Just as the blind have a heightened sense of hearing and touch, and the deaf have increased sharpness of vision, certain types of mental disability may cause compensatory adaptation. The best candidate for this is dyslexia. If a dyslexic has difficulty with language, then he compensates by increasing his powers of visual perception.

 

Direct Effects of Mood Swings
Mild mania has some benefits. It is associated with quicker thinking, greater verbal fluency, play on words, increased self-confidence, and greater optimism. Severe mania, on the other hand, can be counterproductive and may result in loss of concentration and wild behaviors. Mild depression can act as a sort of editor to prune the excesses of mania. But severe depression can dampen all activities and thinking.

 

Knight’s Move Thinking
Certain mental disorders like schizophrenia and bipolar disorder are characterized by sudden jumps in one’s thinking. These leaps from one idea to another can be quite unexpected and illogical, and are referred to as Knight’s Move thinking. This way of thinking is important in creative thinking because it enables a person to make innovative leaps without being anchored to preconceived ideas or imprisoned by one’s sense of logic.

 

SHOULD MILD MENTAL ILLNESS BE TREATED?
John Nash is quoted by Sylvia Nasar as saying that he often refused to take medication for schizophrenia because it blunted his creative thinking. This sentiment is reflected by a number of artists and scientists suffering from mild bipolar disorder. The medical profession is therefore faced with a dilemma of deciding whether or not to treat mild mental afflictions knowing that medical treatment may smother creativity, while untreated, a percentage of patients with bipolar disorder might become worse, and commit suicide.

 

CAN GENIUS BE DEVELOPED?
Allow me to change tack for the rest of this article. I would like to attempt answering the question that all educators are asking, namely, what are the factors that can create geniuses. Biographies of many geniuses have shown that they were once child prodigies. Unfortunately most child prodigies that we hear about in the newspapers usually fade into oblivion and never achieve their early promise. The question is why some prodigies flower into geniuses, while others wither. Clues are given in biographies and autobiographies.

 

Parents
Parents play a pivotal role in the upbringing of their children. They are their child’s advocates, and they provide the milieu for their child’s development. A stable, loving environment seems to be a key factor. Nobel Prizewinner Norbert Weiner was a child prodigy, whose parents were academics themselves, and they recognized their son’s early talents. They introduced their son to other academics at Harvard University, some of whom were also Nobel Prizewinners. This is in contrast to another child prodigy contemporaneous with Norbert Weiner, Billy Sidis. At the age of 4, he taught himself Latin, and by 6 years old, he could read 8 languages, and 8 years old he had already written 4 books. He was admitted to Harvard University at the age of 11 years. However, from then onwards he petered out. The parents gave him the sort of accelerated learning that would not be out of place in a kiasu Singapore family. However, the parents were overprotective, and failed to allow him to develop his own independence. It was only by adolescence that he could clean or dress himself. Further more the parents tended to show off their son, and they allowed the press to gain access to him too readily, with the result that some of the articles written tended to ridicule his childish behavior. Furthermore the family was an unhappy one, with constant parental strife. They were unable to support their son emotionally. So despite having ample intellectual stimulation, he did not have an emotionally nurturing environment.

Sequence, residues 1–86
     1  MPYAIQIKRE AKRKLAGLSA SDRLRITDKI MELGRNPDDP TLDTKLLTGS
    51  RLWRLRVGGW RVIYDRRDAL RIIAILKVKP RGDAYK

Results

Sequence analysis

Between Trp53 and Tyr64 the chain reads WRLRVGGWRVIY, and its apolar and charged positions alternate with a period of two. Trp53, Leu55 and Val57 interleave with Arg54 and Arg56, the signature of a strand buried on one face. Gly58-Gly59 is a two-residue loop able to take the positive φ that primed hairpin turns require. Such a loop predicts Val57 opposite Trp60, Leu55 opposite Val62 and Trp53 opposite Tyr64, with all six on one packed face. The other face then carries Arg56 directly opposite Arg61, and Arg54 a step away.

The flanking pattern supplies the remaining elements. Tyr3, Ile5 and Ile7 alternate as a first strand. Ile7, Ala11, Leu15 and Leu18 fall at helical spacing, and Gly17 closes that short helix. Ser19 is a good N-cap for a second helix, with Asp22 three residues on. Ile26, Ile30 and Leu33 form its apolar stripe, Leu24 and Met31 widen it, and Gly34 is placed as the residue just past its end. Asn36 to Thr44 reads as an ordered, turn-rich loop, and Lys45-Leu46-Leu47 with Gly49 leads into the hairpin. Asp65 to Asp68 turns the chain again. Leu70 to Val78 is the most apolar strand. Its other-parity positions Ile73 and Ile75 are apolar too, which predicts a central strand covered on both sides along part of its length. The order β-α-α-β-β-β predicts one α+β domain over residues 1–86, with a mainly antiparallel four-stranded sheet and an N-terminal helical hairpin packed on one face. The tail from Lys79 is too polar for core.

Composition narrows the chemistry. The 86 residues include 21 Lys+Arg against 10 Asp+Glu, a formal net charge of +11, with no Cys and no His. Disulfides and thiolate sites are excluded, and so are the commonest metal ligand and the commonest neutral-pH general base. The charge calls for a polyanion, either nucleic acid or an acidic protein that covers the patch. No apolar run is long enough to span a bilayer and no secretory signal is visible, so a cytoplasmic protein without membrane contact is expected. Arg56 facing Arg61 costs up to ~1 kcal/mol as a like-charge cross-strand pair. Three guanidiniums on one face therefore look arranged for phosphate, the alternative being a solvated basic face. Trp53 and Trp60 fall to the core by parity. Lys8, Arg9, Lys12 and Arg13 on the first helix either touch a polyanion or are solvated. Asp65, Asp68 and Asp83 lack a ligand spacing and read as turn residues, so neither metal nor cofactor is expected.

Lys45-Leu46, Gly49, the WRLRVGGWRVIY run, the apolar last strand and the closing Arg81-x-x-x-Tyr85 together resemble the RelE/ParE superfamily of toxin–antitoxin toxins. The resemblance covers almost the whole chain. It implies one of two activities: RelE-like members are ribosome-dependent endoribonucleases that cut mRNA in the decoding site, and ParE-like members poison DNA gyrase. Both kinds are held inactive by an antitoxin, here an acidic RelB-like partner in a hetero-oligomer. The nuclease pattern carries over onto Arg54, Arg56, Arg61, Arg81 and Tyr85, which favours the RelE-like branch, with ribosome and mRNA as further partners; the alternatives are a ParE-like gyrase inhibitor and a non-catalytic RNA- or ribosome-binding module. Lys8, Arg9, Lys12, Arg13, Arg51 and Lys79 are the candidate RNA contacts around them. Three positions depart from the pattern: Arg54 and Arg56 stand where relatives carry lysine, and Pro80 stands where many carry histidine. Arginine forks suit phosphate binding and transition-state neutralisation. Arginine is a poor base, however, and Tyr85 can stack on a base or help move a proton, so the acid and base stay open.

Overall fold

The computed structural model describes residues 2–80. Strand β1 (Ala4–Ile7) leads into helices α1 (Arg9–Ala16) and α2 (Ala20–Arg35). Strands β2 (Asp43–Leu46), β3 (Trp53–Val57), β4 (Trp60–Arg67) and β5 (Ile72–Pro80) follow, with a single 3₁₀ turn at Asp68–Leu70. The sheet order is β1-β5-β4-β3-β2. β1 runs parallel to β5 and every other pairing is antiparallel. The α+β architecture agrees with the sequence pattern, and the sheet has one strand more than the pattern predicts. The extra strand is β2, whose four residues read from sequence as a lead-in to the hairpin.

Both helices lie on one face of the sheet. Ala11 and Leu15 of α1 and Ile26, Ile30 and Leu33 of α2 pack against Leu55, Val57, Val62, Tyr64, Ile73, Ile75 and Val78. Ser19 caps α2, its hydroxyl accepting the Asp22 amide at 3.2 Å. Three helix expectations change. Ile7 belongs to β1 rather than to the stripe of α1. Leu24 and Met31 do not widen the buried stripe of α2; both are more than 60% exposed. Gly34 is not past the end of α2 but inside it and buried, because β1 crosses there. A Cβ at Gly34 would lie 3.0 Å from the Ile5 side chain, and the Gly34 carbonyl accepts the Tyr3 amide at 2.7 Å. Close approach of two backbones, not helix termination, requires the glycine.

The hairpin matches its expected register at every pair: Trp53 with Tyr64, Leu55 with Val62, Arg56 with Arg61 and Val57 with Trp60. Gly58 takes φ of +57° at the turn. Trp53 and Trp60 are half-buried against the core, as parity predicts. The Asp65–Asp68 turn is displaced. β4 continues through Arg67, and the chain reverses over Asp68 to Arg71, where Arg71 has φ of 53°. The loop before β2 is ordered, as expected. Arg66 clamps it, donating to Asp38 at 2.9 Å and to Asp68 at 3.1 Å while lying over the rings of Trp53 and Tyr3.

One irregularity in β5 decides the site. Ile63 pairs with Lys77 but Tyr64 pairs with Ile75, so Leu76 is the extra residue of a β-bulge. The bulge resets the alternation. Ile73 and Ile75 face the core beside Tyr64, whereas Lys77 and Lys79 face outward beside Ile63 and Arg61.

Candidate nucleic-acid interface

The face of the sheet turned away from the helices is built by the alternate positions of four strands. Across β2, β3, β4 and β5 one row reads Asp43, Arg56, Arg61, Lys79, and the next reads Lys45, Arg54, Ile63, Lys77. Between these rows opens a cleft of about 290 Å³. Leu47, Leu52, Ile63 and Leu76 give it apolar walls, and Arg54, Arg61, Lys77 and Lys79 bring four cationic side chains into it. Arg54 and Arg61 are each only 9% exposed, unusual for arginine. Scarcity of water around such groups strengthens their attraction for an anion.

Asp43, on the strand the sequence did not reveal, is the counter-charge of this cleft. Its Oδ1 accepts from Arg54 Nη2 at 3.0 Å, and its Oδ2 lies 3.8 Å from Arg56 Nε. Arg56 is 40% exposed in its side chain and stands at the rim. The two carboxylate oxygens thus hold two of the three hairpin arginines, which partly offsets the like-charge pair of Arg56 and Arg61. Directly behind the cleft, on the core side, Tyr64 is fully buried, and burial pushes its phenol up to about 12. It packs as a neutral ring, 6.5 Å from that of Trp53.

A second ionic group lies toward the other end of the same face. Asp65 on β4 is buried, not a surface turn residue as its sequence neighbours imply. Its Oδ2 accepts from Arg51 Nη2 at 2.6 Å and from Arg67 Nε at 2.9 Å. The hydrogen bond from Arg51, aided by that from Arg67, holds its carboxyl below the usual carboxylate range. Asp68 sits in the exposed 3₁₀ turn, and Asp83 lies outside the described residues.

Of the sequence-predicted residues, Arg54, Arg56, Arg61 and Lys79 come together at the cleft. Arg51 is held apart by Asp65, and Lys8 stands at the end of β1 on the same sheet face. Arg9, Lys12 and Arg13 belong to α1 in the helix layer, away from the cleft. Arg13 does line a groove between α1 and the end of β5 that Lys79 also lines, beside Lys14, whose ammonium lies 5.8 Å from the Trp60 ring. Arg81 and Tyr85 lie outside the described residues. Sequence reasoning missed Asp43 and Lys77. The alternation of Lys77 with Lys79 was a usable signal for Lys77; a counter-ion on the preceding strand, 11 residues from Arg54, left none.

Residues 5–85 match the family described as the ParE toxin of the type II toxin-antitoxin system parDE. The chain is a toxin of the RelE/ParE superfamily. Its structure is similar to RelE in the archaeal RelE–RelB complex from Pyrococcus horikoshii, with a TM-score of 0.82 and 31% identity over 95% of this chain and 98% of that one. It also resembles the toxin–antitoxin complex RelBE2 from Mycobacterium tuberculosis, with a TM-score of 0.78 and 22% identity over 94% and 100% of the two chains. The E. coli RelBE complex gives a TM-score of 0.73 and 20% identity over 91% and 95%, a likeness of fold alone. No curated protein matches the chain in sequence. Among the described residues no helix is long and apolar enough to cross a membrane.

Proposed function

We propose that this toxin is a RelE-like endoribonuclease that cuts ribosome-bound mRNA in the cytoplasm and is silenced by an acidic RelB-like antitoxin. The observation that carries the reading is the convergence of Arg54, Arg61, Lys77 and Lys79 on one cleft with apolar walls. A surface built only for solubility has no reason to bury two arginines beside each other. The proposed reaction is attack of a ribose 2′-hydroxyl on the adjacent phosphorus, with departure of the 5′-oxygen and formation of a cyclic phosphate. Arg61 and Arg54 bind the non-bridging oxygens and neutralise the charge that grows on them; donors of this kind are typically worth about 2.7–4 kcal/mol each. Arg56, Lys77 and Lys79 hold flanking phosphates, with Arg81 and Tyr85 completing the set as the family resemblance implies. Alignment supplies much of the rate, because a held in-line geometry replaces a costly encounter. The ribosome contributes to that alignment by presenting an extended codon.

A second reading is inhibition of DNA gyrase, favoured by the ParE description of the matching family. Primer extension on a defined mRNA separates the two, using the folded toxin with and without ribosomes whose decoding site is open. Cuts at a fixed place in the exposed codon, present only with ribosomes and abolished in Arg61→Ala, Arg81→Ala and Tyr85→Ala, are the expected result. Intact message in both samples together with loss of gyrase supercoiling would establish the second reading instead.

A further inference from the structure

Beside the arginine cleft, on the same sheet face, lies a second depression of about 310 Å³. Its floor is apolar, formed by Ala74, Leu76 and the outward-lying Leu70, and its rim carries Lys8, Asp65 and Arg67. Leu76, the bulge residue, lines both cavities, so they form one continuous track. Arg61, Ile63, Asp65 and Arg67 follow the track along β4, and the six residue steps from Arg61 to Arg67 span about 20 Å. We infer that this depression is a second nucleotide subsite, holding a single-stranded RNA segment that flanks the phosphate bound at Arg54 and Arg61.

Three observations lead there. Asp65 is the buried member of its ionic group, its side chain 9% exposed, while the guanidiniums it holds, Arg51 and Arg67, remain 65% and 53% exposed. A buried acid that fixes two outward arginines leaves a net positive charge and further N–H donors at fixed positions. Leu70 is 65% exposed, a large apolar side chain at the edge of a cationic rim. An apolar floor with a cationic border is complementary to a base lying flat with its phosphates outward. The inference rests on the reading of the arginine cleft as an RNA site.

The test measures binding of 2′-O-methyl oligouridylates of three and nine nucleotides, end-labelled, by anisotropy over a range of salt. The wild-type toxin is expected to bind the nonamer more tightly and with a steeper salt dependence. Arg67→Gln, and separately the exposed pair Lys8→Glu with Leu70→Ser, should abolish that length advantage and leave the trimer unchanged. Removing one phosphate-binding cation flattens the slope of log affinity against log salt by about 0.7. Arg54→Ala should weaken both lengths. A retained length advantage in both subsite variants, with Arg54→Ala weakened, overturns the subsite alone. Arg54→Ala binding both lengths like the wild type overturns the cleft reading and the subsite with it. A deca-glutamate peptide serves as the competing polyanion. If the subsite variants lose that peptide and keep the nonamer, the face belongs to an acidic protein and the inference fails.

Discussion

Teachers
Teachers can play an important role in a child’s development. They can provide the balanced in a prodigy’s distorted educational development. They can set challenging problems for their students to solve. Sylvia Nasar gives an interesting anecdote that when John Nash misheard his tutor and thought that his assignment was to solve some hitherto unsolved complex mathematical problems, he handed in the solutions to these problems the next day! Bertrand Russell and Stephen Hawking enjoyed solving mathematical problems, and both had read Euclid with great fervor, establishing their own proofs of these theorems. Great minds seem to like to tackle classic problems and to work out their solutions by themselves.

 

Mentors
Isaac Newton and Albert Einstein both had uncles who acted as mentors and helped develop their nephew’s early mathematical abilities. Half the Nobel Prizewinners had other Nobel Prizewinners as mentors when they were young. It appears that highly creative people know how to foster creativity in others.

 

Clusters of Excellence
It has been noted that people of genius tend to be found in clusters. For example ancient Greece produced Socrates, Plato and Aristotle. The Laboratory of Molecular Biology at Cambridge University produced 10 Nobel Prizewinners, and Bell Laboratories produced 11 Nobel Prizewinners. The fostering of centers of excellence is an important way of attracting and catalyzing talent, among whom may be found a few geniuses.

 

Age of First Significant Creative Achievement
It is well known that there is an optimal age at which certain disciplines can shine. Olympic swimmers and prizewinning pianists reach their pinnacle in their teens. Below is a list of scientists and inventors, and the age at which they made their first discovery or publication:

CREATOR

CREATION

AGE (years)

Louis Braille

Invented a system of printing and writing for the blind

15

Blaise Pascal

Formulated Pascal’s Theorem

16

Galileo Galilei

Discovered the laws of pendulum motion at the age of
Law of falling bodies

17

Edwin Land

Patented his first polarizing light filter

19

George Westinghouse

First patent for a rotary steam engine
Invented airbrakes

19
22

Guglielmo Marconi

Invented a system of radio telegraphy